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-   -   Purple Fringing with 85/1.8D on D90 (https://forums.steves-digicams.com/nikon-dslr-57/purple-fringing-85-1-8d-d90-159463/)

TCav Sep 9, 2009 8:16 AM

Purple Fringing with 85/1.8D on D90
 
1 Attachment(s)
I'm using a Nikon D90 with an 85mm f/1.8D to shoot indoor equestrian action. The images all have areas of high contrast (black saddle, white saddle pad, black boots, chrome stirrups, etc.) and I'm getting a lot of purple fringing.

The 85mm f/1.8D is the only lens I've got so far, so I don't have anything to compare it too. It seems to happen at both f/1.8 and at f/2.0. (Stopping down much further defeats the purpose of having a large aperture lens.)

I used Auto WB (at f/1.8) and a Preset WB (at f/2.0), and the results seem to be slightly better with the Preset (at f/2.0), but the lighting varies (mercury vapor + sunlight) so the images have a variety of color casts depending on the location of the subject within the arena. Naturally, the PF happens in sunlight, not under the mercury vapor lights.

Attached is a 100% crop.

The results are several orders of magnitude better than I've gotten with my KM5D and Minolta 135/2.8 or Sigma 90/2.8 Macro, but I was hoping for less PF.

Any ideas?

JimC Sep 9, 2009 8:30 AM

So, did you buy a D90? How do you like it so far?

The D300 has automatic correction of CA built in. It seems to work quite well. Although it's not listed as a feature, users seem to think the D90 has CA Correction, too (which makes your results puzzling).

Some of that could be blooming, too. The white behind the riders boot is overexposed (most of that section is showing up as "blown" when I look at it with an editor, yet I see no blocked shadows). So, the overexposure may be contributing to the problem. You may want to try dialing in a bit of negative exposure compensation so that you're exposing a bit darker and see if that helps the problem. If you're using any filters, I'd remove them (as that could be causing a bit of optical degradation).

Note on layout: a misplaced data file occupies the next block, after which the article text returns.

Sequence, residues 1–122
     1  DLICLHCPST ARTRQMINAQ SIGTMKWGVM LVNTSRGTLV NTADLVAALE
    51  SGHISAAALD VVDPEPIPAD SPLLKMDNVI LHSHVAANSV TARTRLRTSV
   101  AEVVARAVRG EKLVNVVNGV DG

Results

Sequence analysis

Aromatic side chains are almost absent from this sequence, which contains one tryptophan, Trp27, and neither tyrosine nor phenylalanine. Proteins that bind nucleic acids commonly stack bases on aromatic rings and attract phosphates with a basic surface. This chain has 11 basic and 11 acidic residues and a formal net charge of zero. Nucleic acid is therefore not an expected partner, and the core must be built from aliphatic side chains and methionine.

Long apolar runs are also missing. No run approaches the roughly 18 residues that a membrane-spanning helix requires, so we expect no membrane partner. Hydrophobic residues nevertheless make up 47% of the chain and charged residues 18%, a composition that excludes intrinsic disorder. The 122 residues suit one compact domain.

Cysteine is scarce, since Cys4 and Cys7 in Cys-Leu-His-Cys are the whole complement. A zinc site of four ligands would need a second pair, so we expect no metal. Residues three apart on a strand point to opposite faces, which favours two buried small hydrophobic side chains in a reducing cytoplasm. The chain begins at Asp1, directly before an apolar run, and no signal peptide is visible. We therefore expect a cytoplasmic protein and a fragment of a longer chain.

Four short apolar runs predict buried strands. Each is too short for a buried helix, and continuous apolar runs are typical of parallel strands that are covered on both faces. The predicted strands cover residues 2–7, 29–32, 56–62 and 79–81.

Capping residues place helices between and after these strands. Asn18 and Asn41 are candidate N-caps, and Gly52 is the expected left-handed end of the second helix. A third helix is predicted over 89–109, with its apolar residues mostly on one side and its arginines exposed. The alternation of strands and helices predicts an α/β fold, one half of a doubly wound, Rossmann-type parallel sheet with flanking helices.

JimC Sep 9, 2009 8:52 AM

More suggestions:

You said your son has a D300, right? You may want to try that lens with both cameras and see if the D300 corrects it automatically for you, and if so, consider returning the D90 for a D300 instead (although I have seen D90 users claim it's got CA correction, I'd try it yourself to find out, since Nikon does not show that feature for the D90)

You may also want to try shooting in raw and using Capture NX 2 to process the images and see if it can automatically correct it for you.

GSFinlay Sep 9, 2009 9:59 AM

The D90 does correct CA, same as the D300. But only with JPegs. It cannot be turned on - or off. Shooting NEFs will require VeiwNX (release 1.4.1) or Capture NX to take this out of the raw files.

This looks at LOT worse than the worse case I have ever seen from my 16-18 3.5-5.6 VR.

Garry

JimC Sep 9, 2009 10:04 AM

That's what I've seen some users claim (the D90 also corrects for it). But, you wouldn't know it by looking at that image. ;-)

rjseeney Sep 9, 2009 10:12 AM

Quote:

Originally Posted by JimC (Post 999339)
More suggestions:

You said your son has a D300, right? You may want to try that lens with both cameras and see if the D300 corrects it automatically for you, and if so, consider returning the D90 for a D300 instead (although I have seen D90 users claim it's got CA correction, I'd try it yourself to find out, since Nikon does not show that feature for the D90)

You may also want to try shooting in raw and using Capture NX 2 to process the images and see if it can automatically correct it for you.

I was under the impression the D90 does have lateral CA correction but have found conflicting opinions to the actual truth. I do know the D300 and D5k have it, so I would assume the D90 does too. Shooting in RAW, whether or not the correction is applied may depend on your method of conversion. I know nikon's software gives you the option to remove it if you want. When shooting jpeg, the correction should already be cooked in.